During his first visit to Washington, in 2006, some U.S. lawmakers tried to prescribe how Iraqi Prime Minister Nouri al-Maliki should respond to the Israeli invasion of Lebanon under way at the time. A group of Congressmen sought to strong-arm him into denouncing Hizballah, but instead al-Maliki stuck firm to his condemnation of "Israeli aggression." He may have had to rely on the U.S. military for his security, but Iraq's new Prime Minister was not about to accept U.S. tutelage on regional politics. And in the intervening years, he has proved so adept at managing the balance of power among the various stakeholders in his country that he returns to Washington on July 22 as the Iraqi leader who has politely but firmly shown the U.S. the door.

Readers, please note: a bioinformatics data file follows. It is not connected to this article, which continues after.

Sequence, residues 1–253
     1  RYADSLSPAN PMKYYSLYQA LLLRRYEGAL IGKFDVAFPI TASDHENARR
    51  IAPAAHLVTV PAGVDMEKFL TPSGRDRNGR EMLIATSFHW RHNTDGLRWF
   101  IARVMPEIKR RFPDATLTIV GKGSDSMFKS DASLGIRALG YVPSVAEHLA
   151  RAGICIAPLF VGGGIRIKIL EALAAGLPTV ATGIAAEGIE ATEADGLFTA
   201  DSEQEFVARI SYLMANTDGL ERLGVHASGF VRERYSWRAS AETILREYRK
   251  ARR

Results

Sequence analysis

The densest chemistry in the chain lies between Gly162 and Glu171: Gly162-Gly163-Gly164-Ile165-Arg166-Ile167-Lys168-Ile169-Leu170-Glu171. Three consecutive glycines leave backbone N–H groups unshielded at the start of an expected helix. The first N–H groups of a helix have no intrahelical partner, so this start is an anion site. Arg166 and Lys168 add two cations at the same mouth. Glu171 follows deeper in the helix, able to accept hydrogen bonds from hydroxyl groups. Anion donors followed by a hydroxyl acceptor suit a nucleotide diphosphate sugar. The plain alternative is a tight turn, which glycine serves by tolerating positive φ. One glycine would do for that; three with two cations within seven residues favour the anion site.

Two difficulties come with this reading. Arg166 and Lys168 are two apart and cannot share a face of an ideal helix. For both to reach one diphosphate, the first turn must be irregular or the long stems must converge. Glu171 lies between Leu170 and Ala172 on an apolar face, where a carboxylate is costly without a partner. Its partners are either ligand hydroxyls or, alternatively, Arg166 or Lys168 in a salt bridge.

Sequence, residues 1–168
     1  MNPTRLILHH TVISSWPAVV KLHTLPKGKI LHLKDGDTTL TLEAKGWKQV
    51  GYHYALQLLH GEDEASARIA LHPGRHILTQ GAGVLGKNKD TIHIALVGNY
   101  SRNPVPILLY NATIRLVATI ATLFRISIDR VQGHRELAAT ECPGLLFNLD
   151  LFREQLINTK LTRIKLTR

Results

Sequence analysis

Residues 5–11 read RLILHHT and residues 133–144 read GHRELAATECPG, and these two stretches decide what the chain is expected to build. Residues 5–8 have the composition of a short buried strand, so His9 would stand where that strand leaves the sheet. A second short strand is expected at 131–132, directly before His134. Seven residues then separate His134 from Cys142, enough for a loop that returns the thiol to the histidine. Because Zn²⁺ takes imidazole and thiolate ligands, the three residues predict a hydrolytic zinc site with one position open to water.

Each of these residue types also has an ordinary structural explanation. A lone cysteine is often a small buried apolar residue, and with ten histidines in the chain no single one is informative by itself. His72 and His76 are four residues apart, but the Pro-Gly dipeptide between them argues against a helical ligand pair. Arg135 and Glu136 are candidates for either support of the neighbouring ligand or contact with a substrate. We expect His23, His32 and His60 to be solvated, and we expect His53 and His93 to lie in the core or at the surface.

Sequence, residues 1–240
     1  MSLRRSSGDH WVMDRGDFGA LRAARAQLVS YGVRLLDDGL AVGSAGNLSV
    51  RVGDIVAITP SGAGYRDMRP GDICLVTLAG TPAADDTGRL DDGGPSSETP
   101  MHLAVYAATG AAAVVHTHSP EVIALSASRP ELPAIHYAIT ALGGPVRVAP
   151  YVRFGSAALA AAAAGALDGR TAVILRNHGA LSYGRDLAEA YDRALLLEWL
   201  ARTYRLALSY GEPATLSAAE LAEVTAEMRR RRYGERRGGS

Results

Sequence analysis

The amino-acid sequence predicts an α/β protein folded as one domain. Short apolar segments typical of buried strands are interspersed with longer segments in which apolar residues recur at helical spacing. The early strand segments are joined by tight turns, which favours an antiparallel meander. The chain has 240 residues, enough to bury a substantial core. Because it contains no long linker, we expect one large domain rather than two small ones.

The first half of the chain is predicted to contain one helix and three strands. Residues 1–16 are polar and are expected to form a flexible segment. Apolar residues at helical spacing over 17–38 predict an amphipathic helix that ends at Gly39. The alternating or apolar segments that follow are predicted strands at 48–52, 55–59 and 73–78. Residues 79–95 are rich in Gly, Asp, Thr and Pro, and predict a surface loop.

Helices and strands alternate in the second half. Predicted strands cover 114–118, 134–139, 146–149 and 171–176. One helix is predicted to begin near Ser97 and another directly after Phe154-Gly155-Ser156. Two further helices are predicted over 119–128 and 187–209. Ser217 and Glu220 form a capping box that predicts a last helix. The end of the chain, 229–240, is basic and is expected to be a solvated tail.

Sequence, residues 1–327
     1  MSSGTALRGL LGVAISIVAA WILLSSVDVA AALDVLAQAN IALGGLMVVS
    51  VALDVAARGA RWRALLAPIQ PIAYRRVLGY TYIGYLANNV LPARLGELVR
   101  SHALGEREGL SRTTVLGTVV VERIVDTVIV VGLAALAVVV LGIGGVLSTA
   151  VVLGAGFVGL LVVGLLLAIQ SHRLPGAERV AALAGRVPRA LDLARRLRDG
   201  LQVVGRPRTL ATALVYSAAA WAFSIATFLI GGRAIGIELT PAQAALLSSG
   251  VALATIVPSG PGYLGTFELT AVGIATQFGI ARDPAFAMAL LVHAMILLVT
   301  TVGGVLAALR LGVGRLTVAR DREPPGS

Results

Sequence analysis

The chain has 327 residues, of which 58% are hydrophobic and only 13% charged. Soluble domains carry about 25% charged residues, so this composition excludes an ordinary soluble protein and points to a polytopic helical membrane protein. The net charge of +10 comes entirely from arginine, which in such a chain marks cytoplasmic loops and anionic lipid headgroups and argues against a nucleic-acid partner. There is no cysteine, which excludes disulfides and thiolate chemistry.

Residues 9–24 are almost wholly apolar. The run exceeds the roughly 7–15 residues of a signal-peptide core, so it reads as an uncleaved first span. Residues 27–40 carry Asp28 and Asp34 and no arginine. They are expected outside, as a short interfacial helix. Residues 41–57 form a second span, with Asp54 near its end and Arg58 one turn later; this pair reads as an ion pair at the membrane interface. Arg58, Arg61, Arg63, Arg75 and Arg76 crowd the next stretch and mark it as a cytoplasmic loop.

Cooking for yourself is one of the surest ways to eat well. Bestselling author Mark Bittman teaches James Hamblin the recipe that everyone is Googling.